To Cooperate Better, Robots Need To Think About Hidden AgendasNew approaches favoring unspoken strategies between collaborating machines could drive the next wave of advances in robotics.
The key to smarter robot collaborators may be more simplicityA self-driving car might learn to maneuver more nimbly among human drivers if it didn’t get lost in the details of their every twist and turn.
Assistive Feeding: AI Improves Control of Robot ArmsAlgorithms developed by Stanford researchers could one day help disabled people fluidly and intuitively control robot arms to help with everyday tasks.
Artificial Intelligence Will Do What We Ask. That's a Problem.By teaching machines to understand our true desires, one scientist hopes to avoid the potentially disastrous consequences of having them do what we command.
Robotic Control, Easy as Apple PieRobots designed to assist people with disabilities have become more capable, but they’ve also become harder to control. New research offers a way to operate such complex mechanical systems more intuitively.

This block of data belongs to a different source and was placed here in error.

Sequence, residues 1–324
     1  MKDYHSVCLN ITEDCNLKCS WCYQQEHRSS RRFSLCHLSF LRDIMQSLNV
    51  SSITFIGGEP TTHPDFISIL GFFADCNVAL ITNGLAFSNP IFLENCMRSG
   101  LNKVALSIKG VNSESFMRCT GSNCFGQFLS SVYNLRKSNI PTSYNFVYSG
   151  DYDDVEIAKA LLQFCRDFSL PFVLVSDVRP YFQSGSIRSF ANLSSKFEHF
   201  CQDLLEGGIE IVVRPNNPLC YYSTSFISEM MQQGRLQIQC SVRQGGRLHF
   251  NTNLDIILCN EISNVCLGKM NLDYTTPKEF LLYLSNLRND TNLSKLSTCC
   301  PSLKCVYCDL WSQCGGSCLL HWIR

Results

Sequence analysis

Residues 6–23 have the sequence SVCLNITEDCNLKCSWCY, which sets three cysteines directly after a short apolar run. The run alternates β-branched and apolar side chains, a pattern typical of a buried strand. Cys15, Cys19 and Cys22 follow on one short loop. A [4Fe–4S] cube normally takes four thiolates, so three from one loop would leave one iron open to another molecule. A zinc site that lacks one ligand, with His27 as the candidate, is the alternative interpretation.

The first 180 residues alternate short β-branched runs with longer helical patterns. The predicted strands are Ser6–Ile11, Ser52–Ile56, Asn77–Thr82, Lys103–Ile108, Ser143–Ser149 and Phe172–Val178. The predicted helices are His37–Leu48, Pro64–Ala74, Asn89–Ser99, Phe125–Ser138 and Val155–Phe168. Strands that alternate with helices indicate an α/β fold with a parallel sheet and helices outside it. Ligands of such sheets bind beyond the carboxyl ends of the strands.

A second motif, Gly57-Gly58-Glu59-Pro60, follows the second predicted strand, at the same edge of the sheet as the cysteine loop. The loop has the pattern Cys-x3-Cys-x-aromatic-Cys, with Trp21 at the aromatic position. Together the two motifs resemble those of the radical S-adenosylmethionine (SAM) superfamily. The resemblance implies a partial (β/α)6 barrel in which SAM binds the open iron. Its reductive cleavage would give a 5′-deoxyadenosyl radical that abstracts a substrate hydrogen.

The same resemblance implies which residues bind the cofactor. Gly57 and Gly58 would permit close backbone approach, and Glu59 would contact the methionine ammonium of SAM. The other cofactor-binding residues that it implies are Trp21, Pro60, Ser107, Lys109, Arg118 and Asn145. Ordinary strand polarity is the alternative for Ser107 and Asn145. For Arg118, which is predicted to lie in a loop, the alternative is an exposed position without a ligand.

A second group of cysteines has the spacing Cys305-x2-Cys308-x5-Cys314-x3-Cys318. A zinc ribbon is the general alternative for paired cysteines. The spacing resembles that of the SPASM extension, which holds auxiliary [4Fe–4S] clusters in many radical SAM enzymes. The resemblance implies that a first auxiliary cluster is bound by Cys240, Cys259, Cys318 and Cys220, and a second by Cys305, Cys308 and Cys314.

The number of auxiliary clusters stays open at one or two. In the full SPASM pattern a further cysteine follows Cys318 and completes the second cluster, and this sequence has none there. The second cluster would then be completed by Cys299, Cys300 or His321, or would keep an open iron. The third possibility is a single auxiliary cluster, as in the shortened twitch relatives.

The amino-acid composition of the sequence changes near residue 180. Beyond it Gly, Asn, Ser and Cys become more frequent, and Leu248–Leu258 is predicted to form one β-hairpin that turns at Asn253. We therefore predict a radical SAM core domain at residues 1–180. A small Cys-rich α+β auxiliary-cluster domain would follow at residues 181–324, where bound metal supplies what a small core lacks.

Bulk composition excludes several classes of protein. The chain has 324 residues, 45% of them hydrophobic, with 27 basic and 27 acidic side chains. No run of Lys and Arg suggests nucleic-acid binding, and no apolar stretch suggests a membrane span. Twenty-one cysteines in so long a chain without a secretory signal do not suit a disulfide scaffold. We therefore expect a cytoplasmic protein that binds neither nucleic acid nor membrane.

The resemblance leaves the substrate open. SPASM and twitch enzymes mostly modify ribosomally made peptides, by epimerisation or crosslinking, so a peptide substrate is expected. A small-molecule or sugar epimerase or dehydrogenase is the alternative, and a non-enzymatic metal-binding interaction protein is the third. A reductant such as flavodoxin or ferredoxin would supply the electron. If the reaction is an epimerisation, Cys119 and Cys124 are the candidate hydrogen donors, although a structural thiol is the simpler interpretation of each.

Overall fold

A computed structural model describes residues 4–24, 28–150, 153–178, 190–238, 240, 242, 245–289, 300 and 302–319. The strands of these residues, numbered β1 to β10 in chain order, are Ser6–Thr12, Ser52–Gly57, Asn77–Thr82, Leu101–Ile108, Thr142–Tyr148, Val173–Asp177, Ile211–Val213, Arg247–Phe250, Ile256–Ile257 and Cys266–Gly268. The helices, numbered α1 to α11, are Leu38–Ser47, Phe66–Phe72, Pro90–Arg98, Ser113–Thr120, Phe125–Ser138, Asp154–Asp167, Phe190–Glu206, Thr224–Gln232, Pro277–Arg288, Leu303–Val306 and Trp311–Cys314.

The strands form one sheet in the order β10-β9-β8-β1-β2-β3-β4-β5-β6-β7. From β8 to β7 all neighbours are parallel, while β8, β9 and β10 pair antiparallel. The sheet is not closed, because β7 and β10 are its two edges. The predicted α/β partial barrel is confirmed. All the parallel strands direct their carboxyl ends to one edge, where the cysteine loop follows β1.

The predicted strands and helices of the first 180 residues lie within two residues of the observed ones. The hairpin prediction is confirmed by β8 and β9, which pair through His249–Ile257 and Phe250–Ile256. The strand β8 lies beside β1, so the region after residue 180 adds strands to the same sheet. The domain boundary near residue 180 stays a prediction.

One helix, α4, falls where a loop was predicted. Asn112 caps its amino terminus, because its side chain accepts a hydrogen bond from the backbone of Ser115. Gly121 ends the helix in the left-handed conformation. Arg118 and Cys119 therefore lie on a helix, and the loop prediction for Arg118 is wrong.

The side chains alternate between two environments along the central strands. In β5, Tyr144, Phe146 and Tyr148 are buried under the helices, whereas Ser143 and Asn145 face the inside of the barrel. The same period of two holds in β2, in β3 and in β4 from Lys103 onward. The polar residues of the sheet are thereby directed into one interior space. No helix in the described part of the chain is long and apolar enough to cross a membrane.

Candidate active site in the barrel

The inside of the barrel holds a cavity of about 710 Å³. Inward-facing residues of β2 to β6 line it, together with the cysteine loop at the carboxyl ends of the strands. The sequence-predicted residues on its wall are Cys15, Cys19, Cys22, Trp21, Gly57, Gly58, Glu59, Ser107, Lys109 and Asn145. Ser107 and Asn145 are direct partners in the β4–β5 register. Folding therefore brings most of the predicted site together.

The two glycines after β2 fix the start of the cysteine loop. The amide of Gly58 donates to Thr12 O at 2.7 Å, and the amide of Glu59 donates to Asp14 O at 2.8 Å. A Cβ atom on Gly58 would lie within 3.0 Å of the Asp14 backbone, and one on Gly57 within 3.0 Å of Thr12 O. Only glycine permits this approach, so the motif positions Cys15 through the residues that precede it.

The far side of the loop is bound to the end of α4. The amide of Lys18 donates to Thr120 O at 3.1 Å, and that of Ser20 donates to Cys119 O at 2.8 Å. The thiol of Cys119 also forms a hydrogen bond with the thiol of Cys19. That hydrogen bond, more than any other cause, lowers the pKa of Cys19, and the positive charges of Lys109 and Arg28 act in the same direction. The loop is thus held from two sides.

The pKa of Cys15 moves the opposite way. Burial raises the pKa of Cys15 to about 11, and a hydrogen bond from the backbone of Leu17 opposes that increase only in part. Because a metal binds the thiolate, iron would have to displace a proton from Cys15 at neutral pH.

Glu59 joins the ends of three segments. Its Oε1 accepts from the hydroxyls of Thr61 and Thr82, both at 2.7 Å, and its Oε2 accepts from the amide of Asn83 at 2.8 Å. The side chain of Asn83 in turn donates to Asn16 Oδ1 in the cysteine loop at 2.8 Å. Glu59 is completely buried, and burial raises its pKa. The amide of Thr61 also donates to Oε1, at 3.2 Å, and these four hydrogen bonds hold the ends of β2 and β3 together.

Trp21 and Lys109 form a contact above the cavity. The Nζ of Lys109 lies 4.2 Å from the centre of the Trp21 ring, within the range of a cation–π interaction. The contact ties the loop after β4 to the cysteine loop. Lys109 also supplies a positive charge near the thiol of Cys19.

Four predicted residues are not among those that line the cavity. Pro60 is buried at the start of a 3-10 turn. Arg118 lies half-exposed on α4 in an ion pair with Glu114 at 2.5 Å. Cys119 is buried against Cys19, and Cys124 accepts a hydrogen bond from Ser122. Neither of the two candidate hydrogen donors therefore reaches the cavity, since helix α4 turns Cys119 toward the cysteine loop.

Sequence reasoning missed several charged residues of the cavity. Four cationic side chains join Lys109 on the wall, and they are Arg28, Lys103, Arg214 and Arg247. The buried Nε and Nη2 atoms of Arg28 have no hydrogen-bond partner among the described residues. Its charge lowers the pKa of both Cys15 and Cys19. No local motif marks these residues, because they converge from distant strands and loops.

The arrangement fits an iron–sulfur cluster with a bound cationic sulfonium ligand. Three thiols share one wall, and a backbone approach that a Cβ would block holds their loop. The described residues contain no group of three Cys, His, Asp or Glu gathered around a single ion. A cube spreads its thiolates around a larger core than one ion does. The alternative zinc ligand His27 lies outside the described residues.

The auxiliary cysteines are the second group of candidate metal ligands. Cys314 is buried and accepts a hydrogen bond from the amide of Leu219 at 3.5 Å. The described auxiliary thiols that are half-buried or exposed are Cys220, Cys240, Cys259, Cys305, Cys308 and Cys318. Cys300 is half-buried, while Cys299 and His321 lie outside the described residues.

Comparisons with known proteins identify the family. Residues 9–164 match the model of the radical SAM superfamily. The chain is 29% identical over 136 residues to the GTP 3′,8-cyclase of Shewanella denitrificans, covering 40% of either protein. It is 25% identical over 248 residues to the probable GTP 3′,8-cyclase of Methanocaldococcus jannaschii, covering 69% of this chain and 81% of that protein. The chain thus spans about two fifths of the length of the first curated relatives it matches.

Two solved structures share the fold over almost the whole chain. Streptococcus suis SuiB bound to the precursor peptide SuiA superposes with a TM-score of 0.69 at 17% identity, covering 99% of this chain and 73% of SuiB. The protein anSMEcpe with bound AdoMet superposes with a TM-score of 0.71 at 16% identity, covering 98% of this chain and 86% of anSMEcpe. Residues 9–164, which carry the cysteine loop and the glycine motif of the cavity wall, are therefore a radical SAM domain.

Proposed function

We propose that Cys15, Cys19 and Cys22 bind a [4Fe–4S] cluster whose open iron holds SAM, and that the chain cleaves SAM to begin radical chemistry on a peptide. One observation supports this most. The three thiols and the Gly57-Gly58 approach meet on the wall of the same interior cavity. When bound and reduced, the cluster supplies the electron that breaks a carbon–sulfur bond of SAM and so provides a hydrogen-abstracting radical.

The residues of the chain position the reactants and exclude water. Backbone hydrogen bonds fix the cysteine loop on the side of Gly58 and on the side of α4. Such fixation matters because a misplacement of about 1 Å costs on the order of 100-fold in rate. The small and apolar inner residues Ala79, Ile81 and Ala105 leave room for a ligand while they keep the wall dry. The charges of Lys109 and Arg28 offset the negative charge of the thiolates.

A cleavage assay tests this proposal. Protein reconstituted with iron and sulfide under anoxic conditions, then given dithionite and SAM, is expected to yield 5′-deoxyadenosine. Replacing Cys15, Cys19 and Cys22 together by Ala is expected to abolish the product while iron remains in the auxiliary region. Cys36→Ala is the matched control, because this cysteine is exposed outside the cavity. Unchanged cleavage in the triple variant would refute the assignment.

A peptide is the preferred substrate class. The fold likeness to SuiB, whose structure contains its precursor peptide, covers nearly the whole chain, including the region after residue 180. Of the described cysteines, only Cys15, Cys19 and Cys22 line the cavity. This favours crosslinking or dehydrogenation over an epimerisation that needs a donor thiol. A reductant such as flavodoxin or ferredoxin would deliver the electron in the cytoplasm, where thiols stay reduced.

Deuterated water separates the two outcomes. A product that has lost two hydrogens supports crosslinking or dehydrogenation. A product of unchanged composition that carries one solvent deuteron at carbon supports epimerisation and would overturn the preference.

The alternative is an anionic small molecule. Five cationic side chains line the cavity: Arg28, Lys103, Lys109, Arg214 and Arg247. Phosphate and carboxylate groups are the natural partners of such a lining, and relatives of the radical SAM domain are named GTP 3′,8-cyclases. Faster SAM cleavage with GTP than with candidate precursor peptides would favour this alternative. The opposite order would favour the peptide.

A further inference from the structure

A user-friendly approach for active reward learning in robotsIn recent years, researchers have been trying to develop methods that enable robots to learn new skills. One option is for a robot to learn these new skills from humans, asking questions whenever it is unsure about how to behave, and learning from the human user's responses.
Stanford researchers teach robots what humans wantResearchers are developing better, faster ways of providing human guidance to autonomous robots.
Self-Driving Cars Need To Learn How Humans DriveIn the not-too-distant future, Americans will be sharing the road with self-driving cars. Companies are pouring billions of dollars into developing self-driving vehicles. Waymo, formerly the Google self-driving-car project, says that its self-driving cars have already driven millions of miles on the open road.
Stanford University assistant professor Dorsa Sadigh has ridden in self-driving cars. 'These cars are OK driving in normal driving conditions on normal roads,' Sadigh says. But 'the moment you put them in situations they haven't seen, they don't really know how to deal with that.'